Tours and accommodation at Kolštejn Castle

Go on an interesting and educational tour of Kolštejn Castle with a guide who will introduce you to the overall history of the castle.

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Tours of Chateau Goldenstein

Tours of the castle take place Tuesday – Sunday at 10 am and 2 pm.

An approximately one-hour tour of the Kolštejn castle can be arranged for groups outside of the specified time by calling +420 732 237 296


adults CZK 90, children CZK 45, children under 10 free


Castle Kolštejn

Kolštejn (also Branná) is the ruins of a castle partially converted into a castle in Branná in the Šumperk district. It stands on a rocky cliff at an altitude of about 630 meters above the Branná river in the southeastern part of the village. The complex of ruins and castle has been protected as a cultural monument of the Czech Republic since 1958.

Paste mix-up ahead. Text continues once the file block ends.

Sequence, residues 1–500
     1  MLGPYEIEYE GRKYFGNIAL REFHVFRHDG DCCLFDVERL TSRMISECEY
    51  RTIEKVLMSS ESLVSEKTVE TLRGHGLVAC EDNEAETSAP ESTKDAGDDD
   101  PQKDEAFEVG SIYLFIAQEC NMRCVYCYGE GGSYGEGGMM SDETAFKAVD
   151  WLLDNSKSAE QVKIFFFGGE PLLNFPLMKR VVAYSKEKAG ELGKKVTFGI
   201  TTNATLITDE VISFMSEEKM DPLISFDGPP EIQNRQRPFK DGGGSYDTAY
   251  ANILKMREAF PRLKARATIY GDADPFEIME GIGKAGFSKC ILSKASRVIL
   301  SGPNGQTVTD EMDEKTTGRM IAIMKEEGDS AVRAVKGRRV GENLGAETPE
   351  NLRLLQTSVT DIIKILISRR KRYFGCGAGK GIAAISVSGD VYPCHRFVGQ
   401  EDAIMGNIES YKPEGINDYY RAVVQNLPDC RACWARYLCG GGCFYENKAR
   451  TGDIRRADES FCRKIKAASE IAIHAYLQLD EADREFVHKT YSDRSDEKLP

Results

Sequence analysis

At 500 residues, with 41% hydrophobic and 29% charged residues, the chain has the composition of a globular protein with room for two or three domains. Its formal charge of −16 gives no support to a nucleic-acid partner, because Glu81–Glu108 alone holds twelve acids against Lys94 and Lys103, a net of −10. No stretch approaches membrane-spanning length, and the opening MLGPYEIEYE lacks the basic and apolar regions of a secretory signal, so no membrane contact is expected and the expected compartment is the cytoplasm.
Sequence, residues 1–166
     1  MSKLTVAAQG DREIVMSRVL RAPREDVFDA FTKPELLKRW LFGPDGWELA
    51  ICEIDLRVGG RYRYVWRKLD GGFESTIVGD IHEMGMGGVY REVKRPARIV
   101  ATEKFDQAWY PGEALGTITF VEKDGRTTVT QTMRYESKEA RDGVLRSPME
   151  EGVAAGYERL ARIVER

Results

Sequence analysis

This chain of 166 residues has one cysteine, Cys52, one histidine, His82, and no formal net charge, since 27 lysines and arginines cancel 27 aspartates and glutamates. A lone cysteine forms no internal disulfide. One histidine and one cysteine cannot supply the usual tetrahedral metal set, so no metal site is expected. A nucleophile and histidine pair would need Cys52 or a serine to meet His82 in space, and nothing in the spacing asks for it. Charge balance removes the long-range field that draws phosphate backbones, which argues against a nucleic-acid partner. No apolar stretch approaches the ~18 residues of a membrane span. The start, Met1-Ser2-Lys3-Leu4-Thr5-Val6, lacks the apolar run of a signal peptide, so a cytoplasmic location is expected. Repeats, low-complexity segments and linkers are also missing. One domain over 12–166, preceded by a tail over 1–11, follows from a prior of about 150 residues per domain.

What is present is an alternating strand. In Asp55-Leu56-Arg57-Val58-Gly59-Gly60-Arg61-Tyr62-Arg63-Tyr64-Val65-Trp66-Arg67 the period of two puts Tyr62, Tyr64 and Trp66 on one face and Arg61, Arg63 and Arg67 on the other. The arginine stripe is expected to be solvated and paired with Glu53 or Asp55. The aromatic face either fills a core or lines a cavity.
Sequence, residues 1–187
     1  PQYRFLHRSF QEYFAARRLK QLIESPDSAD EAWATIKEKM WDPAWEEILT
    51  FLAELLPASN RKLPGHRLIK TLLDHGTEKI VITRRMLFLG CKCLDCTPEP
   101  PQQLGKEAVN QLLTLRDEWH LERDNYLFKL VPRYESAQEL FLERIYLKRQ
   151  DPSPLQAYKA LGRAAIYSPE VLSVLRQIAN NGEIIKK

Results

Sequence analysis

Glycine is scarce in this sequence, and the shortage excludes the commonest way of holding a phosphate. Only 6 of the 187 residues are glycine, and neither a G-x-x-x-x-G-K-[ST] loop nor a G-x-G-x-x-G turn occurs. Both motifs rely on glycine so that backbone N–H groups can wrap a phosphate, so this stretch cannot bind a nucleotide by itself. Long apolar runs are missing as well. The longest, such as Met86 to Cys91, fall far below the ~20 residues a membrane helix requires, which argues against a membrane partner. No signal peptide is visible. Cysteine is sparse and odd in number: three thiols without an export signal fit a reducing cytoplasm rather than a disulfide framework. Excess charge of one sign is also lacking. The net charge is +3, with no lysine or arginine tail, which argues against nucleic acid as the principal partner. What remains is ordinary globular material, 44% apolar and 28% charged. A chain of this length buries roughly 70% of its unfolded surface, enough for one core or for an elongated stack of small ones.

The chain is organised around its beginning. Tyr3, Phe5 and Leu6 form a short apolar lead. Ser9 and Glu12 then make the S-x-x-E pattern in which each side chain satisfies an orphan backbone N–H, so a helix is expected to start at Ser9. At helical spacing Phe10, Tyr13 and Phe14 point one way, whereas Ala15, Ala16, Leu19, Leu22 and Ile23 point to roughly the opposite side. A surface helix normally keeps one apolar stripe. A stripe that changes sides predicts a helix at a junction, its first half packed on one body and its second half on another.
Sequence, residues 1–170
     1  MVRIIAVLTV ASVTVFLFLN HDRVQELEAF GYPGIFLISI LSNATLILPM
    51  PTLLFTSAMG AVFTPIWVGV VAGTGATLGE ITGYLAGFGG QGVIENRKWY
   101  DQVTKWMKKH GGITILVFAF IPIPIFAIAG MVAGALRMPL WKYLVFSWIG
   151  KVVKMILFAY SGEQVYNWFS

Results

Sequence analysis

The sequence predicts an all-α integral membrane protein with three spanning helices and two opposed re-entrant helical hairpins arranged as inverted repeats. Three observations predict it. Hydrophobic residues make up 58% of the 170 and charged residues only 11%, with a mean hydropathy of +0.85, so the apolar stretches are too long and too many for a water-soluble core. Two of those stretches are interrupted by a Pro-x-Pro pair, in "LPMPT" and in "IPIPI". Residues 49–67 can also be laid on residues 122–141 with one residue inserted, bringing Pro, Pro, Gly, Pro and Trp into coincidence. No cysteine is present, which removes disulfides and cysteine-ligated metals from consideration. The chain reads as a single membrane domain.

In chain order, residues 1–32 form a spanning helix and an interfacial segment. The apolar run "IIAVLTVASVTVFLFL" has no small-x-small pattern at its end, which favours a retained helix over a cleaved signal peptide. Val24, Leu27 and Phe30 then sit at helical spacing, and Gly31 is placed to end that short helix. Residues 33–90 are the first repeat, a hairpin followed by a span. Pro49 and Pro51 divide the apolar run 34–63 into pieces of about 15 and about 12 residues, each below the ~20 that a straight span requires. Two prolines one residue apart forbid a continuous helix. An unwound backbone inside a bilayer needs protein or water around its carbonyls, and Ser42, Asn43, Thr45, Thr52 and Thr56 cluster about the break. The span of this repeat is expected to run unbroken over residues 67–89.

Gothic and Renaissance elements predominate in the castle, which depict the entire history of the castle and then the castle.

Construction progress

 The construction of the castle took place during the 14th century, then the castle was rebuilt into a castle in the 16th century.

In the past 700 years, 11 families have taken turns at the castle

Erb Wustehube

1300 – 1325

Erb Lucemburk

Jan Lucemburský
1338 – 1339

Erb z Lipe

z Lipé
1339 – 1401

erb z Valdstejna

1401 – 1437

Erb ze Zvole

ze Zvole
1437 – 1568

Erb z Kacova

z Kácova a ze Zvole
1437 – 1568

Erb ze Zerotina

ze Žerotína
1570 – 1581

erb Bruntalsti

Bruntálští z Vrbna
1581 – 1615

Erb Petrvaldsti

Petřvaldští z Petřvaldu
1615 – 1622

Erb Liechtenstein

1622 – 1941

11 Erb

Kolštejn Redivivus
et Floreans

History of the Castle